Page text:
Echoes Of The Crack Age

One of the great arguments against rappers who claim that they're just reporting what goes on, and against conservatives who think "hip-hop" can tell you something about the performance of black boys in schools, is the music itself. It's amazing that when we were at our lowest, in the early 90s, the music was its most diverse. Not to act like it's all gravy now, but the most violent years for black men, in recent memory, were the late 80s and early 90s. And yet, when you listen to the music, the gun element, is an element, but not a dominant one.

In fact, the popularity of gangsta rap has an inverse relationship to the actual conditions in the streets. After steadily increasing throughout the 80s, the murder rate among African-American males peaked at 50.4 per 100,000 in 1991. That was a lovely and diverse year for hip-hop. Then the murder rate declined until it was 25.6 per 100,000 in 2000. By then, gangsta rap was the dominant genre in the music.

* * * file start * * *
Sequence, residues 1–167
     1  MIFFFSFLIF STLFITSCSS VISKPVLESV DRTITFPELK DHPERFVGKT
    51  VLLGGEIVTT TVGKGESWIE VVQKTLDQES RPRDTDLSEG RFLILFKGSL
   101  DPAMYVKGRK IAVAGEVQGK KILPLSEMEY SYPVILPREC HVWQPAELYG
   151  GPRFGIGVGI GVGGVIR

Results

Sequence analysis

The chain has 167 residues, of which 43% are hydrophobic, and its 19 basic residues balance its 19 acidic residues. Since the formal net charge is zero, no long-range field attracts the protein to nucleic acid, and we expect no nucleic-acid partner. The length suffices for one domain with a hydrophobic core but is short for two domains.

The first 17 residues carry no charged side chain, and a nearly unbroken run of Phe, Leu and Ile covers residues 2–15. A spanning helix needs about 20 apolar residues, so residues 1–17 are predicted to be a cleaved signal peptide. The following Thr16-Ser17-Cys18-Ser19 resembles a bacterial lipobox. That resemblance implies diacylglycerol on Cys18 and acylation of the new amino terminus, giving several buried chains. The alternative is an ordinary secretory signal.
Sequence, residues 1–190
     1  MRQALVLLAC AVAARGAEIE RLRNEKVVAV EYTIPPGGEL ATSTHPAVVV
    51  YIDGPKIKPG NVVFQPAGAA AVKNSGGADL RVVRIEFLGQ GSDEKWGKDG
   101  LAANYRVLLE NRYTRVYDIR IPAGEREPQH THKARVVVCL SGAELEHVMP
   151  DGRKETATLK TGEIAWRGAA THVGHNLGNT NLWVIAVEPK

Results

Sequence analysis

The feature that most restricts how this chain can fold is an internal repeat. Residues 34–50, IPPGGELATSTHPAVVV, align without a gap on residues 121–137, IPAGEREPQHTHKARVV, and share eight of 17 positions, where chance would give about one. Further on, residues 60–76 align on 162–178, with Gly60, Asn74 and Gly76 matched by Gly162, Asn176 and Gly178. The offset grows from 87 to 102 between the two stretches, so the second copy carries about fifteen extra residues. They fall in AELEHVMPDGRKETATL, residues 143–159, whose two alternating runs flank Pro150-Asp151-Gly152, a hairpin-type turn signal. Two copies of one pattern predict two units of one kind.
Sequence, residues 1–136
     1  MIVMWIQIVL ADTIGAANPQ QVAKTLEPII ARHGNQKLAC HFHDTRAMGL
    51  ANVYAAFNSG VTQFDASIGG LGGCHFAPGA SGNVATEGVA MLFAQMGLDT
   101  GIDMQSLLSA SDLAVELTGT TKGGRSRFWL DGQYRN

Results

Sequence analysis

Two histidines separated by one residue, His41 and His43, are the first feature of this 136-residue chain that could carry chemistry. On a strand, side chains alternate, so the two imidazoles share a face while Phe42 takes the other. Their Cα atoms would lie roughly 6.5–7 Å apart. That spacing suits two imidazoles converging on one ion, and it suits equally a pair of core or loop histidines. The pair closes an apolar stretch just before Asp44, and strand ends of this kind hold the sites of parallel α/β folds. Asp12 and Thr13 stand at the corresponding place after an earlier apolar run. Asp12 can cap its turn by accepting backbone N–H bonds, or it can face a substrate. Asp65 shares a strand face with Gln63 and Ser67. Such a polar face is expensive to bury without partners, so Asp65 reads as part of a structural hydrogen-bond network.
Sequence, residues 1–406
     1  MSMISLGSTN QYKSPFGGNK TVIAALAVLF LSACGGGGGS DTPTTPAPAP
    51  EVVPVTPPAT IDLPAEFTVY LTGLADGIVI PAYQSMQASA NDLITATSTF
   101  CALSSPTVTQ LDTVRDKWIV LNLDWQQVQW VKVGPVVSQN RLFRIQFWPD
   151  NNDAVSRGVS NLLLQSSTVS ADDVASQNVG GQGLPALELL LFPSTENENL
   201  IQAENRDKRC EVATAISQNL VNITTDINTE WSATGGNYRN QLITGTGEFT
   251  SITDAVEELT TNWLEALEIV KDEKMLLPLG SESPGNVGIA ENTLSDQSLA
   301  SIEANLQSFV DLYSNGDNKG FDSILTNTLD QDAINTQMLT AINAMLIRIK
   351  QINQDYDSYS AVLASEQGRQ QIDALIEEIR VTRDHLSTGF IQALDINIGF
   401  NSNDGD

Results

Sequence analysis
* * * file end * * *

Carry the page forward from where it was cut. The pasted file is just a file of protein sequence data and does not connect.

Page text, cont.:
It's weird to think about that, and surfing I came across this gem, made right about the time I was in Baltimore, and the city was going crazy. This, I assure you, is not a love ballad. But it is a beautiful song.